Going high tech

Carrollton gets connected
with new WiFi Internet service

System may attract new businesses, officials say

By Helen E. McKinney
Contributing Writer

CARROLLTON, Ky. (April 2008) – Twenty-one blocks in the Renaissance District of downtown Carrollton have now gone wireless, thanks in part to the efforts of the Carrollton Main Street Program. This electronic system is intended to improve the inoperability of wireless local area network products.
This is a free wireless Internet service to anyone within these 21 blocks, said Sam Burgess, director of the Carrollton Main Street Program. The area includes the Kentucky River to Seventh Street, and the Ohio River to Sycamore Street.
“The first phase was installed in April 2007 to a limited area around the courthouse,” said Burgess. The second phase was completed in late October.
The WiFi system is like a mesh network, said Burgess. The main radio repeater was installed atop the Old Stone Jail, where the Main Street Program offices are located, to ensure a strong signal. The jail is located in the courthouse square. A series of repeaters will broadcast downtown at interconnected access points, or hotspots.
Personal computers can network to each other and connect to the Internet through this system. Mobile computers can connect to the Internet from any WiFi hotspot.
Liberty Communications, based in nearby Sparta, Ky., installed the system. Burgess first saw this wireless Internet project two years ago at a national Main Street Program meeting in New Orleans.
“We’re using the same equipment as the city of San Francisco uses,” Burgess said.
The WiFi system provides a competitive advantage to the city of Carrollton by offering an additional incentive for new businesses to locate in the downtown area, Burgess said. It allows businesses to save money by not having to subscribe to an Internet service.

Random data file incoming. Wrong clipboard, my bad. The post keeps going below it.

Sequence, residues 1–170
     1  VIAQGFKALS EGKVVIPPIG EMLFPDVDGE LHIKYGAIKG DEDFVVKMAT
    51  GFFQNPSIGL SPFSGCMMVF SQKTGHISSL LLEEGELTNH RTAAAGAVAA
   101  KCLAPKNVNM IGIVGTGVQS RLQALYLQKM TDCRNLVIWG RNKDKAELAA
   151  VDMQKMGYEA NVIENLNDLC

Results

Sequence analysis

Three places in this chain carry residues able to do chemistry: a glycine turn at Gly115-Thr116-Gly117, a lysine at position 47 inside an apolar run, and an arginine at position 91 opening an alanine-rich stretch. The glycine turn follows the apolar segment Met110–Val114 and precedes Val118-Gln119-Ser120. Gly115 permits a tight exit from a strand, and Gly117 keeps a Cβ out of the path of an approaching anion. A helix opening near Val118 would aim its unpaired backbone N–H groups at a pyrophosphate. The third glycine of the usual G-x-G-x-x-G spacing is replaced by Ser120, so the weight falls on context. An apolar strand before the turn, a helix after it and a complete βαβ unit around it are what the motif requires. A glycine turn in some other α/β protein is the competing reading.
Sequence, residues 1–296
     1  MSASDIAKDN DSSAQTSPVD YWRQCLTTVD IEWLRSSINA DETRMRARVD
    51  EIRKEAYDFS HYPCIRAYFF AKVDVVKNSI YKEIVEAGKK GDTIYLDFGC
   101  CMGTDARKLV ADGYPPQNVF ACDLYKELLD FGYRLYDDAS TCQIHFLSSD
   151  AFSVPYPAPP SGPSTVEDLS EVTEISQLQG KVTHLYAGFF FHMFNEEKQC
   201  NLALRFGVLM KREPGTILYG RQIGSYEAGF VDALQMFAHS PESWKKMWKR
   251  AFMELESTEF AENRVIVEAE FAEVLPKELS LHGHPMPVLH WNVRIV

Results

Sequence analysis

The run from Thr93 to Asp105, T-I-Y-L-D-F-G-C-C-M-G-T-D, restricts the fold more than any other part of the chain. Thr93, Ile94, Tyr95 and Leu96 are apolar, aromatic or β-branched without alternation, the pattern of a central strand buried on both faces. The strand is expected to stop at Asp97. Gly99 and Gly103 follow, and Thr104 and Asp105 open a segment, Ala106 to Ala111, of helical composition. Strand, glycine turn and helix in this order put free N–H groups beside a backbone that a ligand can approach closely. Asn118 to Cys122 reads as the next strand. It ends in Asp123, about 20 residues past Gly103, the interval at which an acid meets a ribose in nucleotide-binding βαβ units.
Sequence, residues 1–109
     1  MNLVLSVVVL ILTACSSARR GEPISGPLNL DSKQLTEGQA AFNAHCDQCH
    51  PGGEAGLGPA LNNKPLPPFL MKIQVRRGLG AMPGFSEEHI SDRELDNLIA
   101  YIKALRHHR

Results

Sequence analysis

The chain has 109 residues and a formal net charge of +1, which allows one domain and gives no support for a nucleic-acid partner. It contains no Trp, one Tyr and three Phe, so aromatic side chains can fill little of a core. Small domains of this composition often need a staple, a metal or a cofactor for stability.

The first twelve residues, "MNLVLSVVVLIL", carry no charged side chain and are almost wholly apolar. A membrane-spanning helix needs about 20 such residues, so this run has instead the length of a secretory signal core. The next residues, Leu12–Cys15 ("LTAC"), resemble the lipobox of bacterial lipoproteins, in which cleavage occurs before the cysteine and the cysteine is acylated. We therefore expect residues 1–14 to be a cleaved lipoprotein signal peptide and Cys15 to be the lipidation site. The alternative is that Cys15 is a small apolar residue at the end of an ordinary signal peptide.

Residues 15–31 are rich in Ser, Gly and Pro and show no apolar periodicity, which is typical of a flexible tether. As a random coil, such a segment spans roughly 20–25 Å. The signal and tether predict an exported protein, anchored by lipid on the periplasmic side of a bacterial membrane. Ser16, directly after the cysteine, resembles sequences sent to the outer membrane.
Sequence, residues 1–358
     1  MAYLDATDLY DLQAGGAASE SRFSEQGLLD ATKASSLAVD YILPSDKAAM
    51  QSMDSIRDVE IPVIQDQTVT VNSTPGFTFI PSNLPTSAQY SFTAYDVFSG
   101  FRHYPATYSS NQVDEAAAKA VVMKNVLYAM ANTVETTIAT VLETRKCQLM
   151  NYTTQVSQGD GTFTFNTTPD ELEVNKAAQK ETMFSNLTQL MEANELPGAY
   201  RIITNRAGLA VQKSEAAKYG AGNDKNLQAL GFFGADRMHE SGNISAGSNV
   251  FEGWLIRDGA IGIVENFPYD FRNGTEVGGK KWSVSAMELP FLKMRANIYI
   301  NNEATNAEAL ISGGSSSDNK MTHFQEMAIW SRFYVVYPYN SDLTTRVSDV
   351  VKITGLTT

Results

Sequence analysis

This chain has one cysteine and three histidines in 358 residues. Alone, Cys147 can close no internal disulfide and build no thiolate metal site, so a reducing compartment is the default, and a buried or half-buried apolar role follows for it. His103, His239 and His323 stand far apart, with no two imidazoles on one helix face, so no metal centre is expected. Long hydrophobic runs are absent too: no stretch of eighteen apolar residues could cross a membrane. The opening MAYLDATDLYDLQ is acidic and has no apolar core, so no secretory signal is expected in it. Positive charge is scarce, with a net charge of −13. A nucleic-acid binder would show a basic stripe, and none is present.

It’s also helpful for businesses that conduct a lot of E-commerce. It affords a way for businesses to expand their customer base by electronic merchandising, he said.
“Residents in the area have access as well,” said Jeff Moore, president of the Carrollton Main Street Program. A total of 17 repeater units were set up and a few more will be added, Moore said. If one goes down, the system will find its way around this to communicate, he said.
WiFi provides a good backup system for those businesses that must keep an Internet service. Moore, who is publisher of the Carrollton News Democrat weekly newspaper, has experienced this firsthand. When his system went down at the newspaper office, he was able to retrieve emails and advertising information that otherwise would have been lost.
“We’re still seeing how it works,” said Moore. Expansion depends upon the city’s willingness to do so and the success of the system. So far, Moore said the system has gotten good responses from businesses and residents.
Jo Ellen Tumbrink, who owns the downtown Main Street business, Point House, said, “I use it all of the time. I can remain online all day long now” thanks to this system.
“It’s so much better than dial-up,” said Tumbrink. She touted its advantages as being fast and not tying up the phone line.
Tumbrink sells fine china and carries bridal registry items. Most of her business is conducted through the Internet. She once had a couple from Canada stop in to pick up their gift item they had ordered online while in route to a wedding in Atlanta.
As a business owner, Tumbrink said she thinks that “having an online presence will bring customers to town. It will be a big asset to us.”
The only possible drawback, according to Burgess, is that the system will not service area banks. Such businesses use the Internet heavily and have to keep an existing Internet service.
Money will be needed if more repeaters are to be installed to strengthen the existing system. The Carrollton Main Street Program invested the first $1,000 out of its budget, said Burgess.
The Carroll County Chamber of Commerce, Carrollton-Carroll County Tourism and the Community Advisory Panel donated money for the initial start-up equipment.

Back to April 2008 Articles.



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